Tuesday, March 8, 2011

WELCOME TO PLEASANTVILLE - "We're supposed to be at home, David. We're supposed to be in color!"

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Yesterday's blog about neighbourly love reminded me of a 1990's film called 'Pleasantville'.  Teen siblings get magically transported into a 1958 sitcom, where they find themselves in a very black and white world with old time values.  What they don't initially realise is that they bring with them a hint of colour, which over time changes the inhabitants of Pleasantville in many ways.  The siblings' biggest influence on this town was by way of introducing the locals to sex and books.

Pleasantville was literally in black and white.  This symbolizes the innocence of the 1950's and the strongly upheld idea of conformity.  Colour then became the symbol of knowledge and breaking away from the homogeneous ideals of the elders.  There was an unspoken message about racism and the townspeople's idea of everyone being the same, even though the entire town is Caucasian. 
Witherspoon & Maguire as siblings
transported back in time to 1958

Pleasantville was a town where everyone was happy in their lives, nothing went horribly wrong and no one questioned anything.  The teen siblings found all of this naivete extremely stifling and frustrating.  Although Toby Maguire's character was more embracing of their predicament and tried to make the best of things.  But Reese Witherspoon's character was hell bent on getting back to their own time feeling the limitations of being a girl in the 1950's.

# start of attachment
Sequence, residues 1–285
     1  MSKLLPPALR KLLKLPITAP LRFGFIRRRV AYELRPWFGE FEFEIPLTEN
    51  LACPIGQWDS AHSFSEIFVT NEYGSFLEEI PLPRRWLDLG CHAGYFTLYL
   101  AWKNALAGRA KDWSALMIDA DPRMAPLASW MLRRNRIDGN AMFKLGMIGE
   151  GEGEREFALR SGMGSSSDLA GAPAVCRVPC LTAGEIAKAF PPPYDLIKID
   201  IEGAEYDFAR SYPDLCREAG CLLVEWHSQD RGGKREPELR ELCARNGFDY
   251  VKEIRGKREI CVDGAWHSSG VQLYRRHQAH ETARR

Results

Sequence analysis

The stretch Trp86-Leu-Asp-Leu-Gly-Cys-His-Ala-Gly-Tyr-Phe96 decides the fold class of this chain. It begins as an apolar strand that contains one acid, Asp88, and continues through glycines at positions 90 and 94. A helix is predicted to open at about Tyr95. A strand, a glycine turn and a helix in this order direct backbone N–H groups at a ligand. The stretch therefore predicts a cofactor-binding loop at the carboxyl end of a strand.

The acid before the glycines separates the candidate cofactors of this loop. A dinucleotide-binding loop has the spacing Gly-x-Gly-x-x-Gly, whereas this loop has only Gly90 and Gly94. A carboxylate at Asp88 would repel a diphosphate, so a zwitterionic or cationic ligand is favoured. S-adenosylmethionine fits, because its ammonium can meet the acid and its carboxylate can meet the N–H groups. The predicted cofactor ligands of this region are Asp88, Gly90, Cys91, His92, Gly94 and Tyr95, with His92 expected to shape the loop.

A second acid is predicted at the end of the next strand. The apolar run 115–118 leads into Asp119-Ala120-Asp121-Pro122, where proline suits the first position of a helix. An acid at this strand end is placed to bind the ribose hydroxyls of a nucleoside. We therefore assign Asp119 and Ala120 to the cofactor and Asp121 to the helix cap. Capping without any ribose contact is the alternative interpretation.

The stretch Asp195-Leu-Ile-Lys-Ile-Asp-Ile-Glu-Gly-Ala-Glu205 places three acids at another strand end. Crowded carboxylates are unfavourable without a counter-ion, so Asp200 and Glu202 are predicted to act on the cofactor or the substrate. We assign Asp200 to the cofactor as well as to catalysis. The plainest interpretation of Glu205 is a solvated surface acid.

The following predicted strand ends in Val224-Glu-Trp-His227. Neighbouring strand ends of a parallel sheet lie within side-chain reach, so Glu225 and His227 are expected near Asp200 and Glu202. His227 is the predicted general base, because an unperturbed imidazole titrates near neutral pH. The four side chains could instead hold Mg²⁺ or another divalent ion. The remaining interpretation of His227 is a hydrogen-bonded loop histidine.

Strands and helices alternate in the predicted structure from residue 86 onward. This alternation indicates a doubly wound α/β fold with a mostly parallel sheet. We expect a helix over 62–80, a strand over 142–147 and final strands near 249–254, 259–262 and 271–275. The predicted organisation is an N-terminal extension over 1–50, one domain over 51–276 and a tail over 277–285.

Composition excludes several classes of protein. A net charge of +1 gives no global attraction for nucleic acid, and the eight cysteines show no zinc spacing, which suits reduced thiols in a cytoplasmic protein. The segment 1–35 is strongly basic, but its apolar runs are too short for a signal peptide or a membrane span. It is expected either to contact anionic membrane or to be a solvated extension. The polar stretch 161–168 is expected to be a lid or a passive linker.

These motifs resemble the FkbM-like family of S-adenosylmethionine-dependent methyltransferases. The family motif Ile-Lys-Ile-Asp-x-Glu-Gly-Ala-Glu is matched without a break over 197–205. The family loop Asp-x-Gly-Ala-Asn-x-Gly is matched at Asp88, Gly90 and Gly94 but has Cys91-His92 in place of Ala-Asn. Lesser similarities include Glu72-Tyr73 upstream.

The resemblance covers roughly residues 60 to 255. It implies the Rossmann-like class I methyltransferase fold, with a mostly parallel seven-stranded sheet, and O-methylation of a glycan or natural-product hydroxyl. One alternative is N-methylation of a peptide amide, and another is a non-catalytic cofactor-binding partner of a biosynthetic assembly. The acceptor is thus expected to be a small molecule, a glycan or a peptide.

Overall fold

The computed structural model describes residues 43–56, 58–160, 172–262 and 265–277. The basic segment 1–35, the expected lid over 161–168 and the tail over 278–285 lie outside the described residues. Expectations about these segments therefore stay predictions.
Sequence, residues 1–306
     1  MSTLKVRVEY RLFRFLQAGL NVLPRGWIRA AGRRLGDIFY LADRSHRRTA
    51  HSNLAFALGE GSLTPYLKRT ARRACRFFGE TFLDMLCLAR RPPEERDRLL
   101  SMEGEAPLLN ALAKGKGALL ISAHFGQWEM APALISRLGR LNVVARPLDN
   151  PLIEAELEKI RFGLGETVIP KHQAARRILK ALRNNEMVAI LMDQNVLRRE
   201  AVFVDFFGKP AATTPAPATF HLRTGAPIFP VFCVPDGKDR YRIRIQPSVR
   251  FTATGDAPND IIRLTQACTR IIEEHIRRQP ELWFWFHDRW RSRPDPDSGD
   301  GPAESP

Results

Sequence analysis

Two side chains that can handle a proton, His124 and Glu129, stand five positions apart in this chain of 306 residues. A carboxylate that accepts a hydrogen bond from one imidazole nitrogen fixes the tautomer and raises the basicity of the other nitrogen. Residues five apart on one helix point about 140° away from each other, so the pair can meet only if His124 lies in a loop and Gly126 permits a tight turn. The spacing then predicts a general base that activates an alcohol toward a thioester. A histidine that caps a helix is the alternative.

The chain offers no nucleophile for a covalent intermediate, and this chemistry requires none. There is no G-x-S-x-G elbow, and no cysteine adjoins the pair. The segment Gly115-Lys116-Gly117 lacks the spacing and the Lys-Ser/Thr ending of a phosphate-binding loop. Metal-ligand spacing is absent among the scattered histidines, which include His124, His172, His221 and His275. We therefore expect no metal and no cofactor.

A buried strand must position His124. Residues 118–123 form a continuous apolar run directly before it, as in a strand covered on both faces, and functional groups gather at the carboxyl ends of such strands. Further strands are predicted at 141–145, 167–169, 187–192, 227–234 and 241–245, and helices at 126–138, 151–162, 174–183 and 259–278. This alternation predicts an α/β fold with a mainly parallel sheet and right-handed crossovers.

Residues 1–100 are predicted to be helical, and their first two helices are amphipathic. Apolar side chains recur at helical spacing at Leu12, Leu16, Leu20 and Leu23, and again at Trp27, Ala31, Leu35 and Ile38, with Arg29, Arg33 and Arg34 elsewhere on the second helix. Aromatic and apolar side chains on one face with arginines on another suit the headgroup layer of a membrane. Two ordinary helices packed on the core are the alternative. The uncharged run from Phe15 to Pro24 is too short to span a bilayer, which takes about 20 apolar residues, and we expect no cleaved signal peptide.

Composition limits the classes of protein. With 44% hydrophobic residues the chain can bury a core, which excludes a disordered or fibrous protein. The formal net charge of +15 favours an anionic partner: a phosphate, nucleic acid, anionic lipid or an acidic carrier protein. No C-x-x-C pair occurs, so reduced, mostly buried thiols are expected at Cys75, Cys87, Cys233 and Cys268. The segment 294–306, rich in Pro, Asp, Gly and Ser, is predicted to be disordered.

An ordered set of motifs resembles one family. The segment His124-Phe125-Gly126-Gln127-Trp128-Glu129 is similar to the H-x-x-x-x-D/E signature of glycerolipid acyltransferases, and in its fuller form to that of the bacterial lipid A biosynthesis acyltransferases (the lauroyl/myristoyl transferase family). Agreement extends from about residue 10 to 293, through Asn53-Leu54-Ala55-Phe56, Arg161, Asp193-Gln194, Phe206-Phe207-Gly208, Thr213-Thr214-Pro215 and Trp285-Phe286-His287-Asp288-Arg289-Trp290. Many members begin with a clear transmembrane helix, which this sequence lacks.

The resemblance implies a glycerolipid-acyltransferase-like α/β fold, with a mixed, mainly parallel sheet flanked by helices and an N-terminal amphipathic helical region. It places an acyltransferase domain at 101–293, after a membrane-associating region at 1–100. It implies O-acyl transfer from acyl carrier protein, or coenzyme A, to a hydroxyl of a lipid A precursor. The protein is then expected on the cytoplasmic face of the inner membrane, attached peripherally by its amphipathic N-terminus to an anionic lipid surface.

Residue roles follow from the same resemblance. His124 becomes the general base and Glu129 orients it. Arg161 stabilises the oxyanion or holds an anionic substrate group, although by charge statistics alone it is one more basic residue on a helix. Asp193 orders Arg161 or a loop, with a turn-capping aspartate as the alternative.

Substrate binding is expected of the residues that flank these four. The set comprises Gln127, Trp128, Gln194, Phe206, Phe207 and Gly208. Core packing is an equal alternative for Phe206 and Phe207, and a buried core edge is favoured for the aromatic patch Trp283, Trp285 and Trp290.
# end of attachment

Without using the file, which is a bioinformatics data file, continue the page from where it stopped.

One of the most interesting aspects of this film was when the siblings discovered that all of the town's books were blank.  When they recounted the stories that were supposed to be in these books, the pages magically filled with words and colours.  The town's youth then become really excited about reading, as a whole new world had been opened up to them.  This euphoria was then extinguished by the burning of those books to prevent the people from changing too much.  The elders' strangle hold on the town became stronger. 

  As the movie progressed, there was more and more colour injected into the town and its people.  As the inhabitants of Pleasantville finally shed their innocence, the siblings started to wonder if their own time was indeed better or not.  They saw some value to this strange and backwards society.
As I mentioned in my blog "Camelot Shmamelot", there was so much repression, ignorance and discrimination in the 1950's.  Why do we continue to look upon that time in history as Camelot, as the time of old fashioned values with all the goodness of white bread?!  It's a wonder...

You Can 'Rock Around The Clock' with these items...

Pleasantville [Blu-ray]


Vintage Clothing 50's "I Love Lucy" Style Blue Jacket

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